What's Holding Outdoor Industry Businesses Back? It Might Be Their Location.
Few things are more gratifying than turning a personal passion into a professional and commercial success. Who understands this better than the owners and executives of a company in the outdoor industry?
In major cities, the only things standing between you and those snow-capped peaks and pristine rivers is an abundance of urban sprawl, hours spent commuting, stifling business costs and a lack of time to enjoy the very things that got you into this business in the first place. In other words, big cities often don’t have the needed balance between work and recreation for many outdoor businesses to thrive.
Many know that Bend, Ore.—a sun-drenched haven in central Oregon at the foot of the Cascade Range—is a mecca for outdoor enthusiasts. Lesser known is that the city has developed into a thriving home for businesses with one of the highest job rates in the country. The Milken Institute recently named Bend the “Best-Performing Small City for 2016.”
Much of Bend’s success has been fueled by the outdoor industry, fostering an entrepreneurial environment with tremendous growth potential in a competitive industry. Bend collaborates with some of the most innovative outdoor recreation companies found anywhere. Established companies such as Hydro Flask and Ruffwear have been joined by younger brethren that have either started in or relocated to Bend.
The city is home to the country’s first outdoor industry incubator in the U.S., Bend Outdoor Worx, and its university, Oregon State University-Cascades, is in the process of establishing the nation’s first outdoor products program.
“Bend enjoys a truly collaborative environment,” says Scott Allan, general manager of Bend’s Hydro Flask, a key contributor to the OSU-Cascades program. “Everyone is not only supportive of each other, but excited to see one another grow. We share the same trails, rivers and slopes, and ultimately share a similar vision to help Bend succeed. Continuing to fuel the outdoor economy in central Oregon is key for the long-term success of our community.”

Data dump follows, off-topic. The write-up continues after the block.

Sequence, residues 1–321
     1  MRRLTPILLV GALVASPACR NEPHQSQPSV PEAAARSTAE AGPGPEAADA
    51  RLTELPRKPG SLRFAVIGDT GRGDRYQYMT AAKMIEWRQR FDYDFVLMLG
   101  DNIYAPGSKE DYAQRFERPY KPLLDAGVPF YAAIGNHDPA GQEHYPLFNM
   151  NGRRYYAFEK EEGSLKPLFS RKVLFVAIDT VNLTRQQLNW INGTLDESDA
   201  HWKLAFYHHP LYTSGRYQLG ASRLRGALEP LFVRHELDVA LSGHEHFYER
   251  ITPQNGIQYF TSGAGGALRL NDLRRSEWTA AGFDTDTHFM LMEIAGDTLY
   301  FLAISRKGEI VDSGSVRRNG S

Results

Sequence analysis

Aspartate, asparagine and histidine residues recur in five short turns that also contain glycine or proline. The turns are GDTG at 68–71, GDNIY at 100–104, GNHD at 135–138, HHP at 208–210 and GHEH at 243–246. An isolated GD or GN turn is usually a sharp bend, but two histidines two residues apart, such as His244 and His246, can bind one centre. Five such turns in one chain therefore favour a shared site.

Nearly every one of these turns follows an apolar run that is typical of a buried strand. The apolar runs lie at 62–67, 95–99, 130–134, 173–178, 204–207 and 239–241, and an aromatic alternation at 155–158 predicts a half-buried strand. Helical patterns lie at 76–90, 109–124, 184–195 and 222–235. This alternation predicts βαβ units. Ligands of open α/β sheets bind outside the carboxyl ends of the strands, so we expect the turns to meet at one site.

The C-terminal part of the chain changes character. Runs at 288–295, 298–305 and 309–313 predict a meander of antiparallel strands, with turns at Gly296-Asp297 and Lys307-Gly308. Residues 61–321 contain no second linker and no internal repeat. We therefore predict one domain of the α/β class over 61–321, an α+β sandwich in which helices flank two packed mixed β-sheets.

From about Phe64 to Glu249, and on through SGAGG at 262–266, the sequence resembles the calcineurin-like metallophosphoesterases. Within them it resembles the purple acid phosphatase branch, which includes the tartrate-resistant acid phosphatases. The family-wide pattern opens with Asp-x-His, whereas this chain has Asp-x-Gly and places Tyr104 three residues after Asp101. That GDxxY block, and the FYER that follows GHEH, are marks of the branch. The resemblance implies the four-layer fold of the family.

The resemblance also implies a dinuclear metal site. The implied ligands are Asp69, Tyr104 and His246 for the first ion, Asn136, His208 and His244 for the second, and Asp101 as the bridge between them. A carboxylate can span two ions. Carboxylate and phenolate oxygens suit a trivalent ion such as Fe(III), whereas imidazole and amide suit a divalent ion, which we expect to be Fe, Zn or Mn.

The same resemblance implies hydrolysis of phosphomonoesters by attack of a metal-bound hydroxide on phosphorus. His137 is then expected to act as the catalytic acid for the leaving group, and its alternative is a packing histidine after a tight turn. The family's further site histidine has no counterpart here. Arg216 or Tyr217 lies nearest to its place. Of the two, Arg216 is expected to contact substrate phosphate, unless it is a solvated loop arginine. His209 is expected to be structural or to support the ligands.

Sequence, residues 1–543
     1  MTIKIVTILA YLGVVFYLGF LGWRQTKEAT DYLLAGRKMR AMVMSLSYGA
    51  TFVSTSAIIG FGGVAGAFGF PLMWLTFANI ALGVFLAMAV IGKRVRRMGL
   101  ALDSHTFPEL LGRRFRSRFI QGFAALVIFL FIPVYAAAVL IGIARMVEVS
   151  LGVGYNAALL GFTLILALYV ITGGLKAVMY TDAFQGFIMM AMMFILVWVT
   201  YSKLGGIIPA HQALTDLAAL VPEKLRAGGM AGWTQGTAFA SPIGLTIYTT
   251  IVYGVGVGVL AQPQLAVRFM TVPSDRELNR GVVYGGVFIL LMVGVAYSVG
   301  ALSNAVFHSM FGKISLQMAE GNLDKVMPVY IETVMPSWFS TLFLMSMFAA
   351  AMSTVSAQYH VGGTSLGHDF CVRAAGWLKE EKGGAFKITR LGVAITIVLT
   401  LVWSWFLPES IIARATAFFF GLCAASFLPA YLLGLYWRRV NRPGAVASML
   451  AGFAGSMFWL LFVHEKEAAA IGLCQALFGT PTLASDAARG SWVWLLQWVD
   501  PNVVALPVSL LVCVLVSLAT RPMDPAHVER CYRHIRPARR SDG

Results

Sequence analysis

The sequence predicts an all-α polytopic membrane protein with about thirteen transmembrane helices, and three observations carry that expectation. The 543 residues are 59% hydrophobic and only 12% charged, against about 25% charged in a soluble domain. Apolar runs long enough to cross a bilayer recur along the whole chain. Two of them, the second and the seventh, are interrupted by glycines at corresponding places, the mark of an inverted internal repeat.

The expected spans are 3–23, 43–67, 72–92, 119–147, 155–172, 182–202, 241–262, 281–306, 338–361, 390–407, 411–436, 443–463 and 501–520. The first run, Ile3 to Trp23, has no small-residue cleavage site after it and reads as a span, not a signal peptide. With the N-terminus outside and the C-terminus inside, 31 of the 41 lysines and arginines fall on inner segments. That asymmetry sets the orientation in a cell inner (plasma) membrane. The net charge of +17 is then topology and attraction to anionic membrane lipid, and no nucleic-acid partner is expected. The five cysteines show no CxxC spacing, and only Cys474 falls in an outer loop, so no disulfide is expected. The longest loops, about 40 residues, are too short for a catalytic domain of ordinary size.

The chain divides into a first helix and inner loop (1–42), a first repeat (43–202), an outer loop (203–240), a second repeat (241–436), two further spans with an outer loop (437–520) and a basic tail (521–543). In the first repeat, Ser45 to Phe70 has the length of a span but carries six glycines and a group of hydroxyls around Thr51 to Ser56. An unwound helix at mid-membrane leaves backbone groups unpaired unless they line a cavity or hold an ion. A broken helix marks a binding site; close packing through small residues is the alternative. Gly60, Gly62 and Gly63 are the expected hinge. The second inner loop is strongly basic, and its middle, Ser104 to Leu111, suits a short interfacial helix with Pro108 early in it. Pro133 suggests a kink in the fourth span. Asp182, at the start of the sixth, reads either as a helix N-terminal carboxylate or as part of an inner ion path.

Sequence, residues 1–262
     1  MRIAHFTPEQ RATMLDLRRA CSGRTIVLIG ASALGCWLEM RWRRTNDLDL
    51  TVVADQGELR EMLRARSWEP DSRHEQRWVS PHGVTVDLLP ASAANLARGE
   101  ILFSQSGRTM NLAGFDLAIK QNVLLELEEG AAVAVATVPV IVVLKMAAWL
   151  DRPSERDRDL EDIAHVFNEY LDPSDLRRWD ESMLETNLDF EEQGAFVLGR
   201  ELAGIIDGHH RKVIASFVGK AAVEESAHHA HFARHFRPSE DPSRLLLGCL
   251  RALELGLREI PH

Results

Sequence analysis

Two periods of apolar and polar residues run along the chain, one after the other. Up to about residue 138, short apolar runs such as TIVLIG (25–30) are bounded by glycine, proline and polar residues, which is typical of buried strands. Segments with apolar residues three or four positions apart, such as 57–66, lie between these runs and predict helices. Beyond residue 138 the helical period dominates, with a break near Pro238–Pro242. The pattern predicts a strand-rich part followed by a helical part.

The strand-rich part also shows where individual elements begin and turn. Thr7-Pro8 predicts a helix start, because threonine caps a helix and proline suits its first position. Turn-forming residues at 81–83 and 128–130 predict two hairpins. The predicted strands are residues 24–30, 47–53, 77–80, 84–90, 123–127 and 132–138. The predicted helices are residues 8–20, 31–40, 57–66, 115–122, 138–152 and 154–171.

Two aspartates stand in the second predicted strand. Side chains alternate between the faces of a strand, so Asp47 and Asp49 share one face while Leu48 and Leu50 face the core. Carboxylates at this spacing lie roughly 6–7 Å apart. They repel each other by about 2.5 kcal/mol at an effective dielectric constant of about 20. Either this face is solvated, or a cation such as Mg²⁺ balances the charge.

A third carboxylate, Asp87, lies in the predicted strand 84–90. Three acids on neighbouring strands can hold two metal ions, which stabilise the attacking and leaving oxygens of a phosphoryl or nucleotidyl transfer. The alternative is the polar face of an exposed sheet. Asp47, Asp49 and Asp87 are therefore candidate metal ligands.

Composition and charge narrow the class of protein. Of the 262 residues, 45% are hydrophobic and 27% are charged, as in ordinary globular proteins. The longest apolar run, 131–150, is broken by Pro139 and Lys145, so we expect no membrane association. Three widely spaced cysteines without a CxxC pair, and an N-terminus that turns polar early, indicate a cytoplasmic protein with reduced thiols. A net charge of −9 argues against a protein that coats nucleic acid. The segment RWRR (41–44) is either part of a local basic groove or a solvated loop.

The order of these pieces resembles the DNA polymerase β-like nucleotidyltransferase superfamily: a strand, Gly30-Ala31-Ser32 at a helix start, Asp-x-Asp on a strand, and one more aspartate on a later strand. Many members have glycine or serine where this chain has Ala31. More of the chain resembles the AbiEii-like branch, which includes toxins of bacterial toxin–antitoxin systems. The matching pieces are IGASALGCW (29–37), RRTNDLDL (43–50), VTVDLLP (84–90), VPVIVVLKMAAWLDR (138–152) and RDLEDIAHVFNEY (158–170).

Bend has been able to attract outdoor industry businesses in part because the pursuit of a high quality of life and passion for the outdoors, are the reasons Bend exists in the first place.
“It has been remarkable to watch Bend grow from a center of outdoor recreation to a premier hub for the outdoor industry,” says Kevney Dugan, president and CEO of Visit Bend, the city’s destination marketing organization. “The outdoor amenities—Mt. Bachelor, mountain bike trails, world-class golf courses, sheer rock faces and the Deschutes River, to name a few—attract so many visitors. But those amenities also work as an outdoor laboratory and inspire innovation.”
Here, recreation marries perfectly with business, forever baking a work-life balance into the culture. A quick lunchtime mountain bike ride, a midday group ride or a few early morning runs at Mt. Bachelor are easily and frequently accomplished within the course of a workday. Simply put, in Bend the only thing standing between you and nature is your office door.
This unique lifestyle has proven to help outdoor companies recruit and retain top talent.
“Bend’s balance between work and recreation is often named by businesses and individuals alike as among the chief reasons why they want to relocate to the area,” says Roger Lee, CEO of Economic Development for Central Oregon. “That balance helps the region differentiate itself from big cities, where such a live-work-play mix is impossible.”
Despite its moderate size, Bend’s infrastructure is up to the task of supporting business. The region has upped its game in regard to everything from technology infrastructure (there’s a reason why Facebook and Apple have data centers here) to restaurants, breweries and increasingly urban entertainment.
A regional hub, Bend stands out from similar cities its size in terms of transportation infrastructure. Redmond Municipal Airport offers daily nonstop service to every Western hub, putting nearly every major destination in the U.S. and Asia within one stop (or less) from Bend. And Portland, the San Francisco Bay Area and Seattle are relatively short drives away.
The old saying is that, “The hardest part of visiting Bend is leaving Bend.” The most fortunate ones, though, are those in Bend who are already home.
Stop dreaming about relocating your business to Bend and start planning it by visiting www.edcoinfo.com/outdoor.